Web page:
Classical Mechanics

Classical mechanics is a field within physics that is concerned with the set of physical laws governing and describing the motions of bodies. It is enhanced by relativity, which relates to objects moving with high velocity approaching the speed of light. Classical mechanics is considered to be one of the oldest and largest subjects in science, engineering, and technology.

The concept of classical mechanics was created in the early 20th century to describe the system of mathematical physics devised by Sir Isaac Newton and other 17th century scientists. The first stage in the development of classical mechanics is referred to as Newtonian mechanics and is associated with the physical concepts and mathematical methods invented by Newton, Leibniz, and others. The majority of the content of classical mechanics was created in the 18th and 19th centuries and expands upon the work of Newton.

 The term “classical mechanics” was coined to loosely label the set of equations that describe reality at scales where quantum (or really small phenomena) and relativistic (or very fast phenomena) are negligible. It evolved throughout the 18th and 19th centuries to describe optics, fluids, and heat as well as pressure, electricity, and magnetism. Classical mechanics accurately describes the behavior of what are deemed “normal” objects which are defined according to The Dynamic Chemistry E-textbook from UC Davis as “larger than a molecule and smaller than a planet.”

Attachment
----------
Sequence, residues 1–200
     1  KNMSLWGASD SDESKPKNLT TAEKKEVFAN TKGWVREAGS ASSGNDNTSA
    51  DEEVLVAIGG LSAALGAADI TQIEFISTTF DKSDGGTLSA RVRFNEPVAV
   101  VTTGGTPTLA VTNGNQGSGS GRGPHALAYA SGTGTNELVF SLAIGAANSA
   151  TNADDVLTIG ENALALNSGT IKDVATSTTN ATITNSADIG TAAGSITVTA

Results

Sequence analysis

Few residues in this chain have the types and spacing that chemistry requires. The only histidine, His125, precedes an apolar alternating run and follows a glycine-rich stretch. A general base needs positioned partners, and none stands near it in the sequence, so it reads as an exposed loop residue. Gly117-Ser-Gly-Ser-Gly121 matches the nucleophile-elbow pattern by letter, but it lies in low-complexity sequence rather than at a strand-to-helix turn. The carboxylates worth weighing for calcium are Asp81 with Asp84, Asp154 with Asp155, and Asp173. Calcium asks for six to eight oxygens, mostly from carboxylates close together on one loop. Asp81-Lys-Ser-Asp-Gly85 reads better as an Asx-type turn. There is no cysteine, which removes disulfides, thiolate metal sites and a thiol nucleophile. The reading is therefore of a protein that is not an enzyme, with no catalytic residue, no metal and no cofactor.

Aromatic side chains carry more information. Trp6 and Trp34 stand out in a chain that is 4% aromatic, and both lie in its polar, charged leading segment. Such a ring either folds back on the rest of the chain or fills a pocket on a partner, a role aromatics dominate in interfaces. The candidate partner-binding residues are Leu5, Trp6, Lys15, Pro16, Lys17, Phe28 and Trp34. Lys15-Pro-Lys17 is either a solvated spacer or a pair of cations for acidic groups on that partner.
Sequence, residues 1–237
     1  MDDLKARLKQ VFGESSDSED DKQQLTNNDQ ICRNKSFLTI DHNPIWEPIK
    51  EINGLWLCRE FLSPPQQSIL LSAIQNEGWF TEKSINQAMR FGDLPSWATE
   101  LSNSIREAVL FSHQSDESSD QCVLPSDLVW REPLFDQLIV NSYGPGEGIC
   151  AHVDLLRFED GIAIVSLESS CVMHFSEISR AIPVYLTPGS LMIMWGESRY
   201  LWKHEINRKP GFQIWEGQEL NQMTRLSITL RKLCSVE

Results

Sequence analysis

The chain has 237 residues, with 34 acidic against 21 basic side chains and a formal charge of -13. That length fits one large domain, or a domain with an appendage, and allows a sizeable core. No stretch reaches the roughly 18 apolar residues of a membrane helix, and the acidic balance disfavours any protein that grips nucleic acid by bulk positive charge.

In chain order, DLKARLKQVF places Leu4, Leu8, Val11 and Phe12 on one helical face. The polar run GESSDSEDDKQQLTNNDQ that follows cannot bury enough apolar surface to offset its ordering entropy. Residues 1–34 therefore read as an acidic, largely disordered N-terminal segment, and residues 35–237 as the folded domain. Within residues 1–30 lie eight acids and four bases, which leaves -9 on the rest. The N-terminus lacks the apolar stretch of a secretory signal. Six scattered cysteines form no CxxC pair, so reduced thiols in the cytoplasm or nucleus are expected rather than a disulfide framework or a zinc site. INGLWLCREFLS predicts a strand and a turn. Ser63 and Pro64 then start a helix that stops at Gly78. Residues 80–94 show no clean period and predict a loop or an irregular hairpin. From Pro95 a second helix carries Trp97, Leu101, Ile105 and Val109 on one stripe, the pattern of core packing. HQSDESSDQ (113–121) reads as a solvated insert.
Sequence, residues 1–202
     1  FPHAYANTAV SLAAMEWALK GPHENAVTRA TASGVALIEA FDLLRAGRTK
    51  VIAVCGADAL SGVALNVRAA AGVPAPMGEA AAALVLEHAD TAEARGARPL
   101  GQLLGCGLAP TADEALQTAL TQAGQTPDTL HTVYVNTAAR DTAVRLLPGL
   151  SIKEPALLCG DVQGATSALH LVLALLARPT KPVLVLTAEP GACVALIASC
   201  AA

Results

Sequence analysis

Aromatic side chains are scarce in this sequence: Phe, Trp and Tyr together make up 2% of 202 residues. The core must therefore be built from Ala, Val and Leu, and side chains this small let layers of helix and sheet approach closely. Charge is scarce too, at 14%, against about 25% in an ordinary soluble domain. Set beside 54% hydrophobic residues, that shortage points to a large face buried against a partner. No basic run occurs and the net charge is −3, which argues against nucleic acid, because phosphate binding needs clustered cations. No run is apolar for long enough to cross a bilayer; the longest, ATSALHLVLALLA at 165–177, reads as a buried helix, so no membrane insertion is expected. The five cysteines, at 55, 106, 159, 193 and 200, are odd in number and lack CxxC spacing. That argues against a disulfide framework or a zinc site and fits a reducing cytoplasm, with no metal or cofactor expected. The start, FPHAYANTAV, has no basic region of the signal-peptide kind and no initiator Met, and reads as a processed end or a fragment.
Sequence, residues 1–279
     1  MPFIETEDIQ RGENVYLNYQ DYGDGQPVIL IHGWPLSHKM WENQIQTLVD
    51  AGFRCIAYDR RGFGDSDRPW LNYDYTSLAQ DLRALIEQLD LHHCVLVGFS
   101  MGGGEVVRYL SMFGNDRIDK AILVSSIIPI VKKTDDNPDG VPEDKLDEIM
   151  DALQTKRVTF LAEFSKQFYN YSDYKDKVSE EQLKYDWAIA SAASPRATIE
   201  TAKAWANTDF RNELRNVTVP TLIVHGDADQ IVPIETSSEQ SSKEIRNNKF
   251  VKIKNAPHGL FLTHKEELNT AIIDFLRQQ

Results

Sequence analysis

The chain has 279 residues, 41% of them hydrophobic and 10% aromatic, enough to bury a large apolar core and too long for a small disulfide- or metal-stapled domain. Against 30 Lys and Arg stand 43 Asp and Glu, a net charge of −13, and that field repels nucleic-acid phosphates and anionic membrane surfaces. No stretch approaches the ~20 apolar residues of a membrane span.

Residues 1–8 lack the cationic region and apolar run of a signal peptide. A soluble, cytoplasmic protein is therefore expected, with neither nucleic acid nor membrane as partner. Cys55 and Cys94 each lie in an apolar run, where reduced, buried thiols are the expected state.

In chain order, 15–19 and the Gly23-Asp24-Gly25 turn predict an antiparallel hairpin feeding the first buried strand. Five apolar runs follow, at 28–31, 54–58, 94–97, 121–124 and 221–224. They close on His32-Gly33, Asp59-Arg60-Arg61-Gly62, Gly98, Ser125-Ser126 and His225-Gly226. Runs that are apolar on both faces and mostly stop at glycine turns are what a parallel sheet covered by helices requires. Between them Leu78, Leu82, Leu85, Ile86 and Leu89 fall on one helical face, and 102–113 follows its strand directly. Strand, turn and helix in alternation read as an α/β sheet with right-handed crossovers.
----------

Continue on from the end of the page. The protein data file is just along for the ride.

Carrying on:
Some mathematical laws and principles which form the basis of classical mechanics include Newton’s First, Second, and Third Laws of Motion, Newton’s Law of Universal Gravitation, Law of Conservation of Energy, Law of Conservation of Momentum, and Bernoulli’s Principle. Newton’s First Law of Motion states that a body at rest will remain in rest and a body in motion will remain in motion unless it is acted upon by an outside force. Newton’s Second Law of Motion states that the net force acting on an object is equivalent to the mass of that object times its acceleration. Newton’s Third Law of Motion states that for every action there is an equal and opposite reaction. Newton’s Law of Universal Gravitation states that the pull of gravity between two objects will be in proportion to the masses of the objects and inversely proportionate to the square of the distance between their centers of mass.

The Law of Conservation of Energy holds that energy can neither be created nor destroyed and changes from one form to another instead, such as when mechanical energy transforms into heat energy. The Law of Conservation of Momentum states that in the absence of external forces such as friction, when objects collide, the total momentum before the collision is the same as the total momentum after the collision. Bernoulli’s Principle states that within a continuous stream of fluid flow, a fluid’s hydrostatic pressure will balance in contrast to its speed and elevation.

Classical mechanics has important applications in other scientific areas such as in astronomy with celestial mechanics, chemistry with regards to the dynamics of molecular collisions, geology with the growth of seismic waves generated by earthquakes through the Earth’s’ crust, and engineering with the equilibrium and stability of structures.

Sources

  1. https://www.livescience.com/47814-classical-mechanics.html; accessed July 10 and 11
  2. http://www.newworldencyclopedia.org/entry/Classical_mechanics; accessed July 10 and 11
  3. http://farside.ph.utexas.edu/teaching/301/lectures/node3.html; accessed July 11

 

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